A 27 year-old Russian-Armenian hacker, Georg Avanesov, was recently arrested for renting and selling a botnet designed to send spam and conduct attacks on websites enabling cybercriminals to steal money from online bank accounts.
Dutch and Armenian authorities were able to bust Avenesov after a recent sting operation involving many security experts. Dutch prosecutors believe that the botnet operation brought in about $140,000 a month in earnings mainly due to Avanesov's ability to sell-off parts of the sophisticated botnet and later extend it again by infecting additional computers.
Botnets are known as group of PCs infected and compromised by a sophisticated piece of malware. The malware in the case of the hacker Avanesov has been traced back to the Bredolab infection. The Bredolab is known to be a dangerous piece of malware that has the ability to download other malware on a compromised computer. Bredolab was also known to be installed by a fake Microsoft Outlook update. At one time, the Bredolab botnet (group of infected computers) had used 143 servers, part of a network run by LeaseWeb, that were later shutdown but accounted for more than 225,000 compromised computers. Dutch authorities launched a denial-of-service attack against this network as Bredolab was being shut down which help lead them to tracking down Avanesov.
After 'virtually' tracking down Avanesov, authorities attempted to lure him to Schipol, an airport near Amsterdam, where they were prepared to follow him and wait for him to perform his hacker activities by taking control of the Bredolab botnet. Unfortunately, the authorities were unsuccessful at this attempt because Avanesov failed to show. Authorities later relied on their group of security experts who noticed strange activity with Bredolab and later led them to detaining Avanesov in Armenia.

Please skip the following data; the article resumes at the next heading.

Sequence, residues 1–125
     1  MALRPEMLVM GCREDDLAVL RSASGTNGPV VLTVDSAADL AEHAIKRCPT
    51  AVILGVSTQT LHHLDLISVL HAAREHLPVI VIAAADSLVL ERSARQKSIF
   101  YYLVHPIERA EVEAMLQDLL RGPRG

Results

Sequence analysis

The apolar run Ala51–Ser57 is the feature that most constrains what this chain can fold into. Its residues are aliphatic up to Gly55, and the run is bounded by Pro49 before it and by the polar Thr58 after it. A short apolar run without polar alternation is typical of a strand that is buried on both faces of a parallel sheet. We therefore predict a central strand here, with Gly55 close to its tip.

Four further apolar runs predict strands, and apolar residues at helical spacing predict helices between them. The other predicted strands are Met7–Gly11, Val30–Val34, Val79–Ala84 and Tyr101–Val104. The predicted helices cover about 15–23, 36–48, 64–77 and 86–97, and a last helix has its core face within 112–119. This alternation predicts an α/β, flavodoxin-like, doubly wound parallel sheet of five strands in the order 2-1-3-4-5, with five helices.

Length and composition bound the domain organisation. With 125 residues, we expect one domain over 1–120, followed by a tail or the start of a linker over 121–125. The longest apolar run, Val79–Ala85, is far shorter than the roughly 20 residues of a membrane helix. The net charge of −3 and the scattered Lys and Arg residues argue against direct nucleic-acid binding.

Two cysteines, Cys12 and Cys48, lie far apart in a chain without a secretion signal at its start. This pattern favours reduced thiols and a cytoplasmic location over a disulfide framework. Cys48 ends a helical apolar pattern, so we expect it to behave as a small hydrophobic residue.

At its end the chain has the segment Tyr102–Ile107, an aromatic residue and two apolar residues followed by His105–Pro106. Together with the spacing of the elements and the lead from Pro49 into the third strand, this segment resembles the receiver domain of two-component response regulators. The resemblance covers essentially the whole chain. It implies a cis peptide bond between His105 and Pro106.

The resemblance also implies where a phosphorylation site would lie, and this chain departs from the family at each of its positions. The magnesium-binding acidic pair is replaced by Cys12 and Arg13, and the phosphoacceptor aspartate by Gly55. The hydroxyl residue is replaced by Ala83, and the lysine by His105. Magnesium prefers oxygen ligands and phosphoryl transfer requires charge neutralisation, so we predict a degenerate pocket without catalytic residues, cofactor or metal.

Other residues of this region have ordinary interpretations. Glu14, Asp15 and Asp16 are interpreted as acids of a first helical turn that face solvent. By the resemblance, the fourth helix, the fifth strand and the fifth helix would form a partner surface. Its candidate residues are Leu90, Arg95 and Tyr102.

You may think of this apprehension of Avanesov as a bank robber who never gets enough. He has to make one more score and during that last score he gets caught red-handed.
Botnets are consistently bombarding cyber-authorities around the world lately. Busting Georg Avanesov is one out of hundreds to thousands of botnet organizers around the world with many followers and hired money mules instructed to carry out their malicious actions for monetary gain. It is not an easy task to track down people who run botnets as we have only witness a handful of hackers to get caught just this year. The work for cyber-police and investigators has never been as important as it is now. Authorities from around the world must stay diligent or we will continually see more online banking theft incidents at unprecedented levels.
Do you foresee authorities making headway anytime soon with their quest to seek out cybercrooks who steal money from online banks using botnets and other sophisticated malware?